Building an ARCHTOP Guitar - Page 1
March 4, 2010
Hello again! My next guitarish endeavor is a full-size archtop jazz box. Hand-carved top and back (of
course), about 17 inches wide. I'm inspired by Gibson's L5, but I haven't completely decided on what
pickup arrangement I'll be using. Since I don't have an exact model that I'm copying I can't show you
the exact target like I have on my other guitars, so use these as a general guide to what I'm after:
Once again, Paul Lloret displayed his amazing generosity and bestowed upon me the body wood for
this project. So my guitar will have a spruce top and the sides and back will be mahogany instead of
(more commonly) maple. Here is what will become the back, sides, and neck. The top started life
as triangular flitches like this but I already worked on it before I took this photo.
Preliminary work started as usual with the body mold:
I made the cutaway piece of the mold removeable in case I (or someone) wants to use this body
shape to make a non-cutaway guitar. Here's a detailed view:
The 'extra' cut running vertically from the cutaway piece is to accommodate a bit of
overlap to make the butt joint at that location a bit easier.
A second bit of preparation, one that wasn't required for the flat tops, is a pair of carving
cradles to hold the top and the back while they are being worked on:
Here's the top in place, with it's convex profile nearly complete. For this side, the cradle gives good
access around the edges so that you're not hampered by being too close to the workbench surface. It's
hard to see but there's a nice arch/belly here:
I need two mirrored cradles
because they need to be able
to hold both the top and the
back right side up and upside
down. The workpiece is
supported only around the
edges so that it can be set in
upside down to carve the
concave side. The little vise
clips on each end hold the
piece down, and the inner
edge of the supporting pieces
is rounded over so as not to
dent the work surface when
it's face down:
I mostly relied on my eyes and my hands to achieve a fair and symmetrical profile on the top of the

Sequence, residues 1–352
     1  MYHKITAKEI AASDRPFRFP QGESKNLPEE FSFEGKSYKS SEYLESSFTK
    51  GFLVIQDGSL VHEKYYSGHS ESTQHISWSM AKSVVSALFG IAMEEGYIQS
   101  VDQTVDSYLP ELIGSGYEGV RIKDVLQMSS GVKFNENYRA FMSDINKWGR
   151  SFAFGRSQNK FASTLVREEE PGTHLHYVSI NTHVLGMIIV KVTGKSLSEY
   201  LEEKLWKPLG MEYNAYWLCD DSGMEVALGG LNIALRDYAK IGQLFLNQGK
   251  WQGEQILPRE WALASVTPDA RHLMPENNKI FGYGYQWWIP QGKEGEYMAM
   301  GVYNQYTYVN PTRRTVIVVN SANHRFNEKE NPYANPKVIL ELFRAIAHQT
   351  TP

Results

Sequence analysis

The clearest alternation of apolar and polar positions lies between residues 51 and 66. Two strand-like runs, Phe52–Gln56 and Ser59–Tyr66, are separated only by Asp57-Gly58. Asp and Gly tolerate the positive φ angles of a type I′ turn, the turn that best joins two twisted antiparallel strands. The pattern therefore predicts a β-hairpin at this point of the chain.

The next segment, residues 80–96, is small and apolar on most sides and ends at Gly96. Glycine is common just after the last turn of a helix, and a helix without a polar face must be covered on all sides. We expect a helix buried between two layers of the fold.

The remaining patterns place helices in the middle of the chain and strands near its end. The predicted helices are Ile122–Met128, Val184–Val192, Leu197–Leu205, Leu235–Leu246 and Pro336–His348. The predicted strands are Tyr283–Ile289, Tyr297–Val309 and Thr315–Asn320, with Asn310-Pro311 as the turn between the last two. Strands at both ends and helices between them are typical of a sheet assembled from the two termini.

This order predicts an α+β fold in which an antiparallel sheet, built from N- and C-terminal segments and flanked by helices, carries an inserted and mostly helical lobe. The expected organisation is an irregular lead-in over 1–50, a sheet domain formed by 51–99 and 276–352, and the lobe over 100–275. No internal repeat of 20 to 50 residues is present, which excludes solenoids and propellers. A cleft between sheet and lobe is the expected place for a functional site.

top, but it's very hard to detect variations of 1/16 inch or thereabouts. Therefore I made a thickness
gauge (based on a plan by Bob Benedetto) that reads to an accuracy of about 1/32 inch.
The 'trigger' is a piece of coat hanger. The 'cable' is a piece of guitar string, and a piece of a bolt
that I hacksawed off and epoxied in forms the bearing at that corner. I painted the visible part of
the upper tooth white for visibililty and used a chisel to mark 1/16" increments (of course, the teeth
must contact each other exactly where the upper moveable 'jaw' contacts the top rail and thus the
measurement is zero.
Once I had the top of the top profiled like I wanted, I used a fixture (designed by Paul Lloret) to rough
out the inner profile, saving a lot of carving and providing a good starting guide to the necessary depth.
I'll take a little time to describe this in detail. That's a laminate trimmer (small router) with a
roundnose bit (U shaped). The arm to which it's attached is hinged to move up and down, with
the depth of the bit set by a plate at the base of the arm which bears against the bolt at the top.
Under the bit is a rounded over stop against which the outer surface of the top or back bears; the
distance between this and the bit, of course, is the thickness you want to achieve. The upright
pine piece that is resting in one of the double row of holes is a moveable stop that bears on the
edge of the workpiece; moving the stop gradually back enables you to cut concentric contours, as
I have started to do here on the top. The dark brown piece lying on the fixture is just a shopmade
thickness gauge. You can also see the grid that I marked on the underside of the top to guide me
in measuring whether the top carve is symmetrical
Next, carving the inside of the top, then on to carving the back.